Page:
Build a startup as a student – Why & How?

student entrepreneurThere are four types of students based on their career aspirations;

1. Those who want to get a job after finishing college

2. Those who want to become an entrepreneur

3. Those who want to pursue higher education

4. And those who are not sure what they want to do

You decide for yourself which type you are. That said there is a lot to gain if you choose to build a startup as a student.

Why?

Building a startup is a great way to learn things, power your resume. You learn more about negotiation, sales, and technology building a startup then reading any book.

So whether you want to get a job, pursue higher studies or become an entreprenur this will serve you well.

If you are still not sure about your purpose in life, it will help you find it.

Simple to understand but challenging to implement; or that is what you think?

How?

Whenever I talk to people who are interested in building a startup, the common excuses that come across are; lack of time, ideas or motivation.

It is simple to find time. Finding one idea that you want to work on is slightly more difficult, but workable. Motivation is the key; better if you are motivated from within. Reason for lack of motivation can also be thinking driven by scarcity of time and ideas – once you have both chances are that you will become motivated to move ahead.

Fifteen Tips on How to Do It?

15. Track time: It can be simply noting on a sheet of paper where and how you spend time in a 24 hour window – include everything – time for food, gossip, class, sports, web (leisure and work), including everything. Do this tracking for a weekday and also for weekend.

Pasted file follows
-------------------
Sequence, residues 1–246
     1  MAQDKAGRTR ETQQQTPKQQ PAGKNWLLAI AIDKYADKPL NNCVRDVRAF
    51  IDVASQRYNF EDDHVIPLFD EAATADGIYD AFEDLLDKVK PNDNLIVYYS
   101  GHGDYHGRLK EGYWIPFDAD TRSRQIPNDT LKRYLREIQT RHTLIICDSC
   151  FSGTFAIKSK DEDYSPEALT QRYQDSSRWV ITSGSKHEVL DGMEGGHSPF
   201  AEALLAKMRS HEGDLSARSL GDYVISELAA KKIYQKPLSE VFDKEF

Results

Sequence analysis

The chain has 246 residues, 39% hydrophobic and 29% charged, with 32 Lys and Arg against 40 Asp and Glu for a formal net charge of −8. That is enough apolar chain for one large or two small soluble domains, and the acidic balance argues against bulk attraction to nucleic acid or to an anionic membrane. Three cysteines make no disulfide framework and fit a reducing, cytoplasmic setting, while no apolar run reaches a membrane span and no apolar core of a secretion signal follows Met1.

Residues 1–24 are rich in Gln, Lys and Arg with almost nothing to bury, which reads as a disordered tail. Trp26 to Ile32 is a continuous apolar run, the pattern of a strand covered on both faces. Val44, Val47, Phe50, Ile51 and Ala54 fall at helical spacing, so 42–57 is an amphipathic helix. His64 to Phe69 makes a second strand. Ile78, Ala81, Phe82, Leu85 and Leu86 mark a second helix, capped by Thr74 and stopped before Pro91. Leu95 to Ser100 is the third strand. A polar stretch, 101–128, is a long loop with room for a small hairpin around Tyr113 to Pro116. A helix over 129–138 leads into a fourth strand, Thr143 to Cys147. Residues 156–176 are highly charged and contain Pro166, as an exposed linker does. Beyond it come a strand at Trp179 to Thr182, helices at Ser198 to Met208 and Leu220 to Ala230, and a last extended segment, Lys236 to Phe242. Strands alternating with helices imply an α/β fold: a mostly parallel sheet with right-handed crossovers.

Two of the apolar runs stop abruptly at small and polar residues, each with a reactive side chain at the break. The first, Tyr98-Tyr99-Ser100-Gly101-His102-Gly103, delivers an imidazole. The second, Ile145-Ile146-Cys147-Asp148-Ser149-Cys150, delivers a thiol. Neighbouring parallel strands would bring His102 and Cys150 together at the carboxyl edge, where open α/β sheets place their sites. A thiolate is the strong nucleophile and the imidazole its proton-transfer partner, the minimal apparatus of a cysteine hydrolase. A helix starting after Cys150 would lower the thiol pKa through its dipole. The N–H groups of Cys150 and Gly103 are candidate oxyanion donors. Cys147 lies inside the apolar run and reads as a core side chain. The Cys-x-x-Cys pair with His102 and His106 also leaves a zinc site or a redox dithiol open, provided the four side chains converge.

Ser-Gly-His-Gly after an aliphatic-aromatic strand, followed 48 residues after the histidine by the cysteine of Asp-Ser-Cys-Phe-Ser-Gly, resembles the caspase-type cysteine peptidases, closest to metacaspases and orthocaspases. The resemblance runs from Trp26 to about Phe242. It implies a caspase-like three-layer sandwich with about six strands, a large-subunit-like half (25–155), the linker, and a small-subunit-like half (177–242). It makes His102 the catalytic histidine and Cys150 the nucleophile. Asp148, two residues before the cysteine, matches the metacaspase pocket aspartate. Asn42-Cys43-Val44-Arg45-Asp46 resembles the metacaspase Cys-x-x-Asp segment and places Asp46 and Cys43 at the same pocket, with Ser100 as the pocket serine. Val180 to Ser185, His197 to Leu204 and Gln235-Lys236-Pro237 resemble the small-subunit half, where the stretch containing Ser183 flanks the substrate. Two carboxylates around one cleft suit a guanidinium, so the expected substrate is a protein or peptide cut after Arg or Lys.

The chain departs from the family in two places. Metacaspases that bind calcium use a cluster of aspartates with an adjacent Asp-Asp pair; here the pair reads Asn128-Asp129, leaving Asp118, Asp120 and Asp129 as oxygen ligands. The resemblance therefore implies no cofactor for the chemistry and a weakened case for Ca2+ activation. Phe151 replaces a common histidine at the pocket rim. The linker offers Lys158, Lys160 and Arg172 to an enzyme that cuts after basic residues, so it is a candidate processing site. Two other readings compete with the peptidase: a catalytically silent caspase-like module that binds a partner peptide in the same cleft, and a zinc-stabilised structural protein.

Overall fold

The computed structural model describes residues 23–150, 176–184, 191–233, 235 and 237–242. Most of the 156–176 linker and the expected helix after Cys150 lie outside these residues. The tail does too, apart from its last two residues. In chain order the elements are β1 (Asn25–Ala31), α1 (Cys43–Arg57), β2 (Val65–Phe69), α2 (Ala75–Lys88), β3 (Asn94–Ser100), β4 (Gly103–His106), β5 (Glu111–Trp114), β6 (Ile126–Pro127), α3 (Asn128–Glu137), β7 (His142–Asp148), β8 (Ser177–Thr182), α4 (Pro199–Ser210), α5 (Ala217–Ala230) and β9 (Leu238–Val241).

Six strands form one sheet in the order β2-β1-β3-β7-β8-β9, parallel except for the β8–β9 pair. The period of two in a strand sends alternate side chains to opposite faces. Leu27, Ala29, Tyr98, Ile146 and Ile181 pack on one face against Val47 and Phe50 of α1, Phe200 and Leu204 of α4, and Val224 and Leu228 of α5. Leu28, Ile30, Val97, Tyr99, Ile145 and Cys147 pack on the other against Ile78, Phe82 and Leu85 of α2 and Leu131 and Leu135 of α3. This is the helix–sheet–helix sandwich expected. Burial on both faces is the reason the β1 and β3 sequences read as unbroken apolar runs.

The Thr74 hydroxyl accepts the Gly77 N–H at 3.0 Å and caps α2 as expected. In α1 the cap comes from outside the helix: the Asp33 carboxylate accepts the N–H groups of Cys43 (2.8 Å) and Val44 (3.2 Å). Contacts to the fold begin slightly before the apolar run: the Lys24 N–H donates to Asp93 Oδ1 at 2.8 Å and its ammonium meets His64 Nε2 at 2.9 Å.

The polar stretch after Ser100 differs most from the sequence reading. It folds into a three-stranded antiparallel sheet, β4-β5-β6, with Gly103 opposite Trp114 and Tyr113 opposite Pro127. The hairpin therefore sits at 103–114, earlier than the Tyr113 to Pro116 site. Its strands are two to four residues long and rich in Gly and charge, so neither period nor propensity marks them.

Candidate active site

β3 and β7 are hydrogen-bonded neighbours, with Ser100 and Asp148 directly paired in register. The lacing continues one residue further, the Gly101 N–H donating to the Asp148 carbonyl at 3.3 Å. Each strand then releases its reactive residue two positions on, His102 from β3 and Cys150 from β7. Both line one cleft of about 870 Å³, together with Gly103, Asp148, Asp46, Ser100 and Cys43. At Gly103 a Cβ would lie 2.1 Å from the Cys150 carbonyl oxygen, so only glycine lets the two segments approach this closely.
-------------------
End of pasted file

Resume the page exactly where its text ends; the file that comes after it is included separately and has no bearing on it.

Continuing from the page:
Then sit down and take a hard look at this sheet and notice what sucks your time most. Minimize these activities and you will find time which you never thought was available.

14. Less digital time: This is obvious without even a time track. TV, web, mobile all combined make one of the biggest time kills of 21st century. Many people think of web surfing as a productive activity; which is not the case always. If you are spending time online with a purpose (and with a start and end time) then it is fine otherwise avoid it.

13. Find time in solace: Early morning or late nights depending on what suits you best. 10-15 minutes a day should be enough. This should be your time to think, reflect and plan.

12. Think less and do more: For those who day dream a lot, do not think much beyond your thinking time. Once you have decided what you want to do just focus on doing.

11. Focus: You may have 20 ideas or you may have none (in this case find one). Start with one idea that you think is worth your time and effort.

10. Do not go after glory: Focus on doing things. Glory will come to you if you are able to build something remarkable.

9. Find a tag team partner: Team up with a friend, better if the friend is a fellow student.  It will be easier to collaborate then. Find somebody with complimentary abilities.

8. Volunteer: Contribute to open source projects if you are a technology student. Participate in the entrepreneurship development cell (EDC) of your institution. If your institution does not have one, create it. Invite entrepreneurs to your campus as part of EDC. This will expose you to new ideas and also motivate you.

7. Participate, in business plans competitions at regional, national and/or global level depending on your resources and inclination.  Ask if your institution can fund your participation? “Deserve before you desire” applies here.

6. Startup in place of internship: Build your startup during the time of your internship. Share this with your career resource team; guess they will be happy with one less internship opportunity to find. If you some learning then intern with a startup that your admire during one semester and build your own startup during next one.

5. Read: Books like “Bootstrap Bible” by Seth Godin and “The Four steps to the Epiphany” by Steven Blank.